Dean Baker – The Guardian Unlimited
President Obama’s announcement of his plans for a restructured mortgage market was painful for those who remember the bubble and crash. It seems as though he learned nothing from this disaster.
The key problem in the bubble years was the ability of private actors to profit by taking huge risks in issuing and securitizing bad mortgages, while handing the downside risk to taxpayers. This was the story with Countrywide, Bank of America, Goldman Sachs, Citigroup and the rest.
It was also the story with Fannie Mae and Freddie Mac in their prior incarnation, before the collapse of the bubble sent them into conservatorship. The pre-conservatorship Fannie and Freddie were run as for-profit companies. Their top executives made Wall Street-type salaries, pocketing tens of millions of dollars a year.
While Fannie and Freddie had been created by the government and ostensibly had a public purpose in promoting homeownership, there can be little doubt that profit figured most prominently in their business strategy. When Freddie decided to jump big-time into the subprime market in 2006 – just as it was collapsing – the motive was increasing market share and profit, as this Moody’s analysis makes clear.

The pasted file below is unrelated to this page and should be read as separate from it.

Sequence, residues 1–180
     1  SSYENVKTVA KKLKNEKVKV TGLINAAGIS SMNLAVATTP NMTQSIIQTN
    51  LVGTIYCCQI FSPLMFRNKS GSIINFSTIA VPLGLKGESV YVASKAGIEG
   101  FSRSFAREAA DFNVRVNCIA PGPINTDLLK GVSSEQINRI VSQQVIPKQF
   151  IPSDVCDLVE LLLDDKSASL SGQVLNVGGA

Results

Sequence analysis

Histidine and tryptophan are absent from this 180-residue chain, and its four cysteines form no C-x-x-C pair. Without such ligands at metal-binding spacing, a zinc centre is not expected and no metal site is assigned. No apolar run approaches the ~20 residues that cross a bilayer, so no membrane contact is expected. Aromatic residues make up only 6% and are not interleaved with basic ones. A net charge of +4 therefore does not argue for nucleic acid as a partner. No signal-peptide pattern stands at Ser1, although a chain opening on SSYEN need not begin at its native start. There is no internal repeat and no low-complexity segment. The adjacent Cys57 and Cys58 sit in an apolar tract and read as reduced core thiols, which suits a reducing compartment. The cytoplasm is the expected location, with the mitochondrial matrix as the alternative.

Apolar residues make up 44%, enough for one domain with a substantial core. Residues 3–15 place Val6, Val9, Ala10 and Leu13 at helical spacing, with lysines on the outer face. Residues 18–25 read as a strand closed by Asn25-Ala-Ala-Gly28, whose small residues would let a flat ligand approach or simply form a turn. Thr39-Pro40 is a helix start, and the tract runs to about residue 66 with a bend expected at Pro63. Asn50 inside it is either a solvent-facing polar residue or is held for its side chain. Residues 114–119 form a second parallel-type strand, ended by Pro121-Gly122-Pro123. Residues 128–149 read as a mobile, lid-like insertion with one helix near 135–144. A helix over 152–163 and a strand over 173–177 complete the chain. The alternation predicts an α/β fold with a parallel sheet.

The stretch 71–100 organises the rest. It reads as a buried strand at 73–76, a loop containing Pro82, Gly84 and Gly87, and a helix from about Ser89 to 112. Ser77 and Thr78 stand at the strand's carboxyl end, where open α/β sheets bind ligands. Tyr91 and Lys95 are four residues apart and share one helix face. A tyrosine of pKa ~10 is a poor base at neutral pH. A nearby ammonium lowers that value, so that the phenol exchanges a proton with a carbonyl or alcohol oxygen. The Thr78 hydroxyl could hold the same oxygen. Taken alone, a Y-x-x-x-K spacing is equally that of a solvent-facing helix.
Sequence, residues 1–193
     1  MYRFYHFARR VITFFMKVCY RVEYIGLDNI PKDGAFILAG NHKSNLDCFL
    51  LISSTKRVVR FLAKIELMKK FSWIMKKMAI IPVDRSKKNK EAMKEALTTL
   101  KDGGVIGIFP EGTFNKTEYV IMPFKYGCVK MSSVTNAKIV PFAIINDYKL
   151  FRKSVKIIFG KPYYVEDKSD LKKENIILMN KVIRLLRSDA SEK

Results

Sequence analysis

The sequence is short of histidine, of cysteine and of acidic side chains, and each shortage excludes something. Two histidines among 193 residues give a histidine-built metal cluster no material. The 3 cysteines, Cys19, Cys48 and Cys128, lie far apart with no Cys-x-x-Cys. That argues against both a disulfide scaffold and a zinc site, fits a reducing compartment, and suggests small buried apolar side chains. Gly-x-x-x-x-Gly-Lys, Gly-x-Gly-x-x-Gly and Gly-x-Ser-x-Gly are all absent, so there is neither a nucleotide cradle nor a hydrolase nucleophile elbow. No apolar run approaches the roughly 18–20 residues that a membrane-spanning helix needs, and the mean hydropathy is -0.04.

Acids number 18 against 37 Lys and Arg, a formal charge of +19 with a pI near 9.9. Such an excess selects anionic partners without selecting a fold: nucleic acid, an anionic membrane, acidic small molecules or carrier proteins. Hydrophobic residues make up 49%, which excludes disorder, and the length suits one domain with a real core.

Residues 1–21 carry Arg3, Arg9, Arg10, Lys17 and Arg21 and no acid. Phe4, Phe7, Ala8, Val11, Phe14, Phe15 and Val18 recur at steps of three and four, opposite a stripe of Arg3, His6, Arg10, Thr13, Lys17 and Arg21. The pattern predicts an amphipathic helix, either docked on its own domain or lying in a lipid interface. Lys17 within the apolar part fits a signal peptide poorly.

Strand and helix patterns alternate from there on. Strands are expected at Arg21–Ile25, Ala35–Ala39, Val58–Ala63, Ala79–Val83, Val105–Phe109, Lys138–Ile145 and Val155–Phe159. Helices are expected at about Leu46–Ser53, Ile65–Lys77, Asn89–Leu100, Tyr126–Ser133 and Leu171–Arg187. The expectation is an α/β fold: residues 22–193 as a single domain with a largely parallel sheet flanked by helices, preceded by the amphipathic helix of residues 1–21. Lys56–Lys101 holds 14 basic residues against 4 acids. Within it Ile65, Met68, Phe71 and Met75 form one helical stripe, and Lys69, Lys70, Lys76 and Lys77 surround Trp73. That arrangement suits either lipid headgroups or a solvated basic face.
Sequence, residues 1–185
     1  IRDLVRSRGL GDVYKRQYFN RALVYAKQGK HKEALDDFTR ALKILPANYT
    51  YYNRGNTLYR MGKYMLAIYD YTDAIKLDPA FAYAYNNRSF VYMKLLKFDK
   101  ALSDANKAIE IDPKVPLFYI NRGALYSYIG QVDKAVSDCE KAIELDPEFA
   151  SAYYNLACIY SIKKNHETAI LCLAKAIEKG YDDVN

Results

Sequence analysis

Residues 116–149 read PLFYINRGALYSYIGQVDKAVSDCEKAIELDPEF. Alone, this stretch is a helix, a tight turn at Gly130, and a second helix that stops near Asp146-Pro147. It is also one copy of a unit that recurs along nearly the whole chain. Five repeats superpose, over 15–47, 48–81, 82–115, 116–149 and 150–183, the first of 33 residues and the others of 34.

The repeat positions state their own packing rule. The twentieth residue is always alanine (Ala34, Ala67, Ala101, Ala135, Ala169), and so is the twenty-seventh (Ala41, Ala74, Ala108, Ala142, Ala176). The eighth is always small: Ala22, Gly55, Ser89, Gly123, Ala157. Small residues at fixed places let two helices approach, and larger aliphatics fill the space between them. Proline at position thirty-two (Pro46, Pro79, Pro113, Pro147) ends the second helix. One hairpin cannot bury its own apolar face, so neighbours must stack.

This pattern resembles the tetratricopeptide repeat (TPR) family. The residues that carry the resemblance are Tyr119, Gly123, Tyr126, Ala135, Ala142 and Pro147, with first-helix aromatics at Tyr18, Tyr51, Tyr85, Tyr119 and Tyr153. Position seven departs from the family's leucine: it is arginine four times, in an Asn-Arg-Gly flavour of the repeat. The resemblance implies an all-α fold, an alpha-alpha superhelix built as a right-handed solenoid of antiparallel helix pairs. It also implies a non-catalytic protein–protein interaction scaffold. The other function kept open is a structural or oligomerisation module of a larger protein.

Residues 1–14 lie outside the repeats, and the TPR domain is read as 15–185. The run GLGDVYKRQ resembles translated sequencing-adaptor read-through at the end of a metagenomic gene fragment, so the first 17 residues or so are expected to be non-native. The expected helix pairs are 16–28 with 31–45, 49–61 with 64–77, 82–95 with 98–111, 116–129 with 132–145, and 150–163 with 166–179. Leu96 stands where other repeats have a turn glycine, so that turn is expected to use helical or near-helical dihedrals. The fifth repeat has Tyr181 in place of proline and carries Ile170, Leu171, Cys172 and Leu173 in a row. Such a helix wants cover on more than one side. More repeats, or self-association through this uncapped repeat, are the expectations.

The moral hazard problem of the pre-crisis Fannie and Freddie – private profit and public risk – was eliminated when they went into conservatorship. In the last five years they have been operated to sustain the housing market, together buying up more than 80 percent of the mortgages issues since the onset of the crisis.
Given that both are now covering their costs and making profits, which are arguably even too large, it’s difficult to see what the problem is. But President Obama wants to wind down them down and replace them with a new and ostensibly improved public-private system.
While we don’t know the details of what the new system will look like, the basic story is clear. Private banks like Goldman Sachs, Citigroup, Bank of America will again issue mortgage-backed securities (MBS). Unlike the MBS of the bubble years, these new issues will carry an explicit government guarantee.
In this new system there will be a requirement that investors in the MBS absorb some loss before the guarantee kicks in. This is supposed to ensure that they don’t game the system by pumping out MBS filled with junk mortgages. And the whole system will be carefully regulated.
Readers can be excused if they are feeling some seriously unpleasant déjà vu reading this. Yes, we have seen this movie before and we might already be in the second reel.
In the immediate aftermath of the crash there was a widespread insistence that MBS issuers would have to keep a substantial stake in the mortgages they put into MBS. Some were arguing that they should have to hold 20 percent of these mortgages on their own books. This quickly got whittled back to a much more modest 5 percent.